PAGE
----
*Several design and implementation limitations were evident, including lack of a prespecified primary outcome, lack of participant blinding, midtrial revision of randomization procedures to switch from subject choice to take fish advice or fish oil to a subgroup randomization to fish advice versus fish oil, inadequate funding that led to interrupted and delayed recruitment over 7 years, little follow-up to reinforce dietary advice or to evaluate long-term compliance, and no evaluation of changes in medications or other behaviors. Ultimately, about one third of subjects in the fish advice group elected to take fish oil (Maxepa 3 g/d).

†In post hoc analyses, higher risk was evident only in the subset of the fish advice group who choose to take fish oil instead of following dietary advice to eat oily fish.

A randomized trial81,82 evaluated whether advice to consume fish reduces CHD in male patients with prevalent disease. This was an open-label, dietary advice trial in the United Kingdom. Men (n=2033) with recent myocardial infarction (mean, ≈1.5 months) were randomized in factorial fashion to advice to eat 2 servings of fatty fish per week, to reduce total fat to <30% calories and increase the ratio of polyunsaturated to saturated fat to 1.0, or to increase cereal fiber to 18 g/d.81 Approximately 20% of the subjects randomized to fish advice chose to take fish oil instead (1.5 g/d). After 2 years, compared with the control group, no significant effects were seen in the dietary fat or cereal fiber groups. Patients randomized to fish advice experienced significantly lower total mortality (relative risk [RR], 0.73; 95% confidence interval [CI], 0.56–0.95) and CHD mortality (RR, 0.68; 95% CI, 0.51–0.91). A follow-up 15 years after the trial was completed found that participants who were still alive and initially randomized to fish advice reported still eating more fish, albeit much less.

DART 2 (Diet and Reinfarction Trial 2) recruited men with presumed stable angina based on physician impression and prescription without requiring electrocardiographic, stress exercise, imaging, or angiographic confirmation.82 This trial likely was composed of a mixed population, including some with clinical angina and others with angina-like conditions (eg, esophageal spasm, heartburn, musculoskeletal discomfort). Patients were randomized in a factorial design to consume ≥2 oily fish servings per week or 4 to 5 servings of fruits and nonstarchy vegetables per day, 1 serving of orange juice per day, and oats (servings not specified). There was also a control group receiving “sensible eating” advice (details not specified). About one third of the subjects randomized to fish advice chose to take fish oil instead (3 g/d). After 3 to 9 years, control subjects provided sensible eating advice experienced outcomes similar to or better than those of either intervention group. In post hoc analyses, subjects who chose to take fish oil rather than to eat fish had a higher risk of cardiac death and sudden death. Several design and implementation limitations (Table 3) make it difficult to interpret the findings of this trial.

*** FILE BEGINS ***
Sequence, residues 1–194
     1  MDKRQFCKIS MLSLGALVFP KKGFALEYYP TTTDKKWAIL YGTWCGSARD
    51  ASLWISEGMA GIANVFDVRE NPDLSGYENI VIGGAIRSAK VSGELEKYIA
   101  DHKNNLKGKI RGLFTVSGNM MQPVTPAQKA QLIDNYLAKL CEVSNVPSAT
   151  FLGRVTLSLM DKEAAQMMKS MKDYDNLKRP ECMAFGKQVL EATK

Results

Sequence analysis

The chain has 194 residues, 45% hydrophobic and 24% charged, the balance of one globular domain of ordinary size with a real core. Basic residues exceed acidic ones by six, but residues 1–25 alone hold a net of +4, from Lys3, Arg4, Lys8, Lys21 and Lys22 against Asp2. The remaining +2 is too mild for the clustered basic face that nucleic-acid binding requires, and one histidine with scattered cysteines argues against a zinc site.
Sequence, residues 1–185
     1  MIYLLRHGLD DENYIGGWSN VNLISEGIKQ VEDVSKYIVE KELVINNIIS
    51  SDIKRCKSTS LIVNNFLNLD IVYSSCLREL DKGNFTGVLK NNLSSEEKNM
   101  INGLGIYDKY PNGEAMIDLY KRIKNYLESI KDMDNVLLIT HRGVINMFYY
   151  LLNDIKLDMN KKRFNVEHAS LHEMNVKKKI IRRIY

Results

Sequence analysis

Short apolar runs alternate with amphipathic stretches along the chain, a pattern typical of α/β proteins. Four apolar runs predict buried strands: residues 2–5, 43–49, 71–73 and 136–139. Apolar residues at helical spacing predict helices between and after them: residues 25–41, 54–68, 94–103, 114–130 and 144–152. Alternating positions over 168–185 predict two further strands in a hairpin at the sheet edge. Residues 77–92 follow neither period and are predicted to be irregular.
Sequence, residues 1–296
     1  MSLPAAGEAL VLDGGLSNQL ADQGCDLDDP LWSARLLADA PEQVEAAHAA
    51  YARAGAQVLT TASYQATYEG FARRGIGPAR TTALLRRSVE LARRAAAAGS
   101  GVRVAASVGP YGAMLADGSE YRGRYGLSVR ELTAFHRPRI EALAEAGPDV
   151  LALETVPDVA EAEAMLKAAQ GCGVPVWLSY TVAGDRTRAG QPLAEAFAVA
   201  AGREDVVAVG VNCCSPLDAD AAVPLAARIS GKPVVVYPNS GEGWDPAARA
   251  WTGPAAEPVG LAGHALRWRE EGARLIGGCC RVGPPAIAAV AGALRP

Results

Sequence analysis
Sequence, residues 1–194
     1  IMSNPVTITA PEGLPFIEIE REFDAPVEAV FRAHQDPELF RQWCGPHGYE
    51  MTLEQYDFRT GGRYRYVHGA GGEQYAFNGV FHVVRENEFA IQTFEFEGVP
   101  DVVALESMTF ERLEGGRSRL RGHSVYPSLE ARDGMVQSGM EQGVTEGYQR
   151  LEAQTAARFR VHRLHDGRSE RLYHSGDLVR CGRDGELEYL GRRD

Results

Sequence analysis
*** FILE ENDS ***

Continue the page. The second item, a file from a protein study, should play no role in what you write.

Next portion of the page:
Interaction With n-6 PUFA and Mercury

Interaction With n-6 PUFA

Concerns have been raised that high n-6 PUFA intake may attenuate the health benefits of seafood-derived LC n-3 PUFAs. Several prospective studies have addressed this issue and found no significant evidence of an interaction between n-3 and n-6 PUFA intake. In the Health Professionals Follow-up Study, ≥250 mg/d of n-3 PUFA was associated with a 40% to 50% lower risk of sudden cardiac death in men with either low (RR, 0.52; 95% CI, 0.34–0.79) or high (RR, 0.60; 95% CI, 0.39–0.93) n-6 PUFA intake (P for interaction=0.13).83 In the Nurses’ Health Study, women in the highest tertile of both dietary n-6 and n-3 PUFA intake had a 54% lower risk of sudden cardiac death compared with women in the lowest tertile of both PUFAs (RR,0.46; 95% CI, 0.32–0.64; P for interaction=0.82).21


Certain species of large predatory fish (shark, swordfish, tilefish [golden bass], king mackerel, bigeye tuna, marlin, and orange roughy)84 are a significant source of methylmercury, which may have neurotoxic effects in the fetus85 and reduce cognition in young children.86 The existing evidence does not support significant adverse effects of mercury on CVD end points. Hair and toenail mercury levels are the best long-term integrated biological markers for intake of mercury,87,88 whereas blood levels are more indicative of recent mercury ingestion. In 2 large prospective cohorts, higher concentrations of mercury in toenails were not associated with a higher risk of hypertension or CVD.89,90 In a Finnish study of 1857 men and 91 sudden cardiac death events, a 0.5% increase in blood LC n-3 PUFAs was associated with a 23% lower risk of sudden cardiac death among men with low hair mercury (RR, 0.77; 95% CI, 0.64–0.93) but no significant effect among men with high hair mercury (RR, 1.02; 95% CI, 0.95–1.09; P for interaction=0.01).91 If mercury in fish has an unfavorable effect on CVD risk, the available evidence suggests that the benefits of 1 to 2 servings a week outweigh the risks, especially if a variety of seafood are consumed.

Trimethylamine N-Oxide

Recently, concern has been raised about fish as a source of dietary trimethylamine N-oxide (TMAO) or its precursors92 with respect to potential paradoxical adverse effects on CVD risk. Supporting data come mostly from secondary prevention studies that suggest that elevated blood levels of TMAO increase CVD risk.93 Similar concerns have been raised about other sources of TMAO such as dairy, eggs, and red meat. This is an area that should be further explored because the potential for diet to affect circulating TMAO is further complicated by differences in TMAO levels by species of fish and in other foods and the complex role that the composition of gut bacteria could have on metabolizing dietary sources of L-carnitine, choline, and betaine to produce TMAO.94,95